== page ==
library(tidyverse)
library(forcats)
library(ggrepel)
library(smodels)
library(cleanNLP)
library(glmnet)
library(magrittr)
library(stringi)

theme_set(theme_minimal())
options(dplyr.summarise.inform = FALSE)
options(width = 77L)

A Text Analysis Pipeline

This notebook is written specifically to provide an easy-resource for finding code that you will need for the next two projects. My hope is that this will help focus your group on the results of the analysis rather than hunting down code and also make it easy to see the various ways that you can play with the models and the results to explore your data. We will work today with the Amazon product review data because it is relatively simple, and the results are easy to interpret, but it is complex enough to show many of the most important features of a text analysis pipeline using the tools we have developed so far.

Note that the parts here are a process, not a checklist. You will likely need to run and investigate several models, tweaking them along the way, as you explore a corpus of text. The part names are simply to help you distinguish what each bit of code is doing.

Part 1: Read in the Data

Our first step will be reading in the data and the pre-parsed tokens. If not already provided, we will also create training and validation tags. Note that usually this block of code will be given to you.

set.seed(1)

amazon <- read_csv("data/amazon_product_class.csv") %>%
  mutate(train_id = if_else(runif(n()) < 0.6, "train", "valid"))
token <- read_csv("data/amazon_product_class_token.csv.gz")

Note that in all of the code below you would need to change the name of the data, here amazon, to the name of your new data, and the name of the response variable, here category, to the name of the response variable in the data you are working with. Other names should be consistent if you use the data I have created.

Part 2: Create a Term Frequency (TF) Matrix

The next step is to create a term frequency matrix, the model matrix we will use to find those features that are most strongly associated with each category in the data. This uses the function cnlp_utils_tf, which has a number of options we can change (some are listed below). We can also add different types of pre-processing and filtering before passing the tokens data to the cnlp_utils_tf function. There are several different ways of creating the TF matrix, which we will separate into four sub-parts.

Part 2a: Raw Frequencies

This is the default approach, where we simply count how frequently lemmas (word forms) occur in the text.

X <- token %>%
  filter(upos %in% c("ADJ", "ADV", "NOUN", "VERB")) %>%
  cnlp_utils_tf(
    doc_set = amazon$doc_id,
    min_df = 0.001,
    max_df = 1.0,
    max_features = 10000,
    doc_var = "doc_id",
    token_var = "lemma"
  )

You can adjust min_df, max_df, and max_features to change which features are included in the model. The doc_var and token_var arguments indicate the variable names used to create the documents and create the features. You probably will not need to change these right now, but we will later.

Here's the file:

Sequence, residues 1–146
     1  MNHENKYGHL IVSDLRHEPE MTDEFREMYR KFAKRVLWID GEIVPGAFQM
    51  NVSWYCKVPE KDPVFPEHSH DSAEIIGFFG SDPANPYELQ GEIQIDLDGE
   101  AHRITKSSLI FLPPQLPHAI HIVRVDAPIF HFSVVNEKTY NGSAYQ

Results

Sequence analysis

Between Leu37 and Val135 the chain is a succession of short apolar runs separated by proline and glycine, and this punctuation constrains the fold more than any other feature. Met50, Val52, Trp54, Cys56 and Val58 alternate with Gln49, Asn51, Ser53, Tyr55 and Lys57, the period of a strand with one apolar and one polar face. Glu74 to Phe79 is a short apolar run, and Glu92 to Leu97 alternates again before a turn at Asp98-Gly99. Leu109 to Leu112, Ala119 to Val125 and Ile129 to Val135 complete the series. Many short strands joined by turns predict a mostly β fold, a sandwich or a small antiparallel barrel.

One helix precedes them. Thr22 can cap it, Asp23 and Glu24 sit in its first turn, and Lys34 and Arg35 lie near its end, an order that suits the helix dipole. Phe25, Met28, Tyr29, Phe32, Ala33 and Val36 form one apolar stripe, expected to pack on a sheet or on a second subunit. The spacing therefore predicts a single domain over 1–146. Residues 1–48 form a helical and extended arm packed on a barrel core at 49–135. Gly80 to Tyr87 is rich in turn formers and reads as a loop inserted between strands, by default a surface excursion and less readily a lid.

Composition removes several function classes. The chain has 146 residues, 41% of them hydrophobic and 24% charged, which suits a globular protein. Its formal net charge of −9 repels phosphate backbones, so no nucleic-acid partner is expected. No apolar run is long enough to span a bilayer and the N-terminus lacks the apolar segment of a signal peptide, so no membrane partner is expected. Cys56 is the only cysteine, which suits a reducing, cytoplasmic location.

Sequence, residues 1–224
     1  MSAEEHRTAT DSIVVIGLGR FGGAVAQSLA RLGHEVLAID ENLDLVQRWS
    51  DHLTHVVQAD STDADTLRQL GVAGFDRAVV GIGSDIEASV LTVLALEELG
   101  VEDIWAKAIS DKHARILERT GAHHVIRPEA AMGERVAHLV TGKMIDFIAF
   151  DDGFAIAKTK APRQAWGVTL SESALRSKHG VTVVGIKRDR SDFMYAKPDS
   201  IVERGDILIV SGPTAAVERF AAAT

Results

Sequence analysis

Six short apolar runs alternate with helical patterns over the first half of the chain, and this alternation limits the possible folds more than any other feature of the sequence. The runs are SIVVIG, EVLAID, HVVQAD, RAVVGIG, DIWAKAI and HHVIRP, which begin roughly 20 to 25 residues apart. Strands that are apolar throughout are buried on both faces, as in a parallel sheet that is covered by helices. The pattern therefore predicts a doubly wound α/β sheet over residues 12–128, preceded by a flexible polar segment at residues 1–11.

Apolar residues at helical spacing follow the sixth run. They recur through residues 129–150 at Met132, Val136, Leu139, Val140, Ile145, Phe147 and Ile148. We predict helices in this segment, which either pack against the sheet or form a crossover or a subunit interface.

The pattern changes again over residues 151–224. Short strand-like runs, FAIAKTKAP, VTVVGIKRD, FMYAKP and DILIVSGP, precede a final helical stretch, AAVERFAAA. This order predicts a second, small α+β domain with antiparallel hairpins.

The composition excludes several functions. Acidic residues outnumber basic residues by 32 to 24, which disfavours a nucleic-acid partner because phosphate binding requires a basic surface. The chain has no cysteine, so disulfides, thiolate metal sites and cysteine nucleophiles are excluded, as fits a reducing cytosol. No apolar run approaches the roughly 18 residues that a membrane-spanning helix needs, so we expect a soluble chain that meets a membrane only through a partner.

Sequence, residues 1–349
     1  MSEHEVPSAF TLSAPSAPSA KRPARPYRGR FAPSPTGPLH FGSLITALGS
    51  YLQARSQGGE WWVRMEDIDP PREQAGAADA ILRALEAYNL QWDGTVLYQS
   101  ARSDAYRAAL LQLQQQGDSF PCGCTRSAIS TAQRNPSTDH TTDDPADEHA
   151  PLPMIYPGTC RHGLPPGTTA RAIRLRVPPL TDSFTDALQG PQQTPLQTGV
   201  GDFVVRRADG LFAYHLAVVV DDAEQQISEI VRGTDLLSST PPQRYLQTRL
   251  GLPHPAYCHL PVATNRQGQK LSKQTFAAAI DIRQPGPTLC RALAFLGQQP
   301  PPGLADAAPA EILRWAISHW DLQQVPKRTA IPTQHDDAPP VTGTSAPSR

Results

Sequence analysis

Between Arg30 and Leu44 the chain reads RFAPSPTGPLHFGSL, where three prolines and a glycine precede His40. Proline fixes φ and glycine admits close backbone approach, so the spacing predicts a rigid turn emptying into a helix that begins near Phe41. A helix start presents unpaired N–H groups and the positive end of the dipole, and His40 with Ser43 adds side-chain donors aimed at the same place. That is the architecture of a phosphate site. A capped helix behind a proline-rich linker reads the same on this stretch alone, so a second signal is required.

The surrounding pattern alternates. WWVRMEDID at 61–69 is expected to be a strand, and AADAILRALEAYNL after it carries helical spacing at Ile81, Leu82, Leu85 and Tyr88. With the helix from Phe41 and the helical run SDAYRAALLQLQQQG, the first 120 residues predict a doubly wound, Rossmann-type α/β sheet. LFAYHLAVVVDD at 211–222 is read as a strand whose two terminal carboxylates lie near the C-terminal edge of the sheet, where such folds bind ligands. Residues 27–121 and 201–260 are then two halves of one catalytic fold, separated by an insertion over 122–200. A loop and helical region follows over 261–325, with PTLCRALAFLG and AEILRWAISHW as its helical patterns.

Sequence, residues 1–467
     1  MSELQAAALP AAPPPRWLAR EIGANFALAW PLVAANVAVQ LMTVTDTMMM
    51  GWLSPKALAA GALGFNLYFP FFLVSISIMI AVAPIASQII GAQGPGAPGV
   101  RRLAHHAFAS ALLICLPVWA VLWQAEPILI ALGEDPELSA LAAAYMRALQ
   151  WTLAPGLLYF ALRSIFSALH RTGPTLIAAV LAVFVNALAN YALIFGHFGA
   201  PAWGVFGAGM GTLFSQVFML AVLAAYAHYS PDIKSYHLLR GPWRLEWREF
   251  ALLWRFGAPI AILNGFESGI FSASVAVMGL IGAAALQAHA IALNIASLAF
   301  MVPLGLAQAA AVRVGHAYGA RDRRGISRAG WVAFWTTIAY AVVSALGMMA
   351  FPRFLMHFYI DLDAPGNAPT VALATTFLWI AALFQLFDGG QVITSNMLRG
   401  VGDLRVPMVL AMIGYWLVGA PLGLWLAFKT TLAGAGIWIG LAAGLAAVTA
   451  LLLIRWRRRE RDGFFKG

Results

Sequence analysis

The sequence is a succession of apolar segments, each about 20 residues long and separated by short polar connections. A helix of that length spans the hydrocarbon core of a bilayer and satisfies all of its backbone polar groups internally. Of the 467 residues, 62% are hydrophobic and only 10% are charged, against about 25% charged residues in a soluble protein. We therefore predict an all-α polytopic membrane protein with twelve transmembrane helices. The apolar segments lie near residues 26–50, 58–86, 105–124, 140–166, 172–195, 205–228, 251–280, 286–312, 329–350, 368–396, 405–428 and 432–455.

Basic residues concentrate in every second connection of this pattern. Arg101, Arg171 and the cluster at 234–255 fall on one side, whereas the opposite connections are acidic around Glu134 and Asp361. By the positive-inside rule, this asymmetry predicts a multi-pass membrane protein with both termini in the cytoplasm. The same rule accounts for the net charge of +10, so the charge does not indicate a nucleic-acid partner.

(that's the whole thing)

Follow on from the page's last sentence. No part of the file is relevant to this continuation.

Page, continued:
Part 2b: N-Grams (instead of 2a)

Another option is to count sequences of words using N-grams. A 2-gram considers pairs of subsequent words, 3-grams triples, and so forth. To create N-grams we use the function sm_ngram. We can provide the maximum length of the N-grams, as well as the minimum length.

X <- token %>%
  sm_ngram(n = 2, n_min = 1, doc_var = "doc_id", token_var = "lemma") %>%
  cnlp_utils_tf(
    doc_set = amazon$doc_id,
    min_df = 0.001,
    max_df = 1.0,
    max_features = 10000,
    doc_var = "doc_id",
    token_var = "token"
  )

Note that setting these values too large will create huge data sets that may be difficult for your machine to process the results.

Part 2c: Skip Grams (instead of 2a)

A skip-gram is similar to an N-gram, however they count combinations of words that appear near one another with the possibility of having some terms between them. For example, skip-grams with N equal to 2 and a skip of 1 would consist of standard 2-grams as well as pairs of words separated by a third. Here, for example is the 2-skip-gram with a skip (k) of 1:

X <- token %>%
  sm_skip_ngram(n = 2, n_min = 1, k = 1, doc_var = "doc_id", token_var = "lemma") %>%
  cnlp_utils_tf(
    doc_set = amazon$doc_id,
    min_df = 0.001,
    max_df = 1.0,
    max_features = 10000,
    doc_var = "doc_id",
    token_var = "token"
  )

Even more than N-grams, be careful with trying to create models that are too large.

Part 2d: Adding Covariates (optional; use along with 2a, 2b, or 2c)

Another way of modifying the model matrix is to include a small set of additional features into the matrix along with the word counts. Typically these come from additional metadata from our corpus. However, they can also come from hand-constructed features from the texts. For example, let’s create a model matrix of covariates using the count of capital letters and numbers:

X_cov <- amazon %>%
  mutate(cnt_caps = stri_count(text, regex = "[A-Z]")) %>%
  mutate(cnt_nums = stri_count(text, regex = "[0-9]")) %>%
  model.frame(category ~ cnt_caps + cnt_nums -1, data = .) %>%
  model.matrix(attr(., "terms"), .)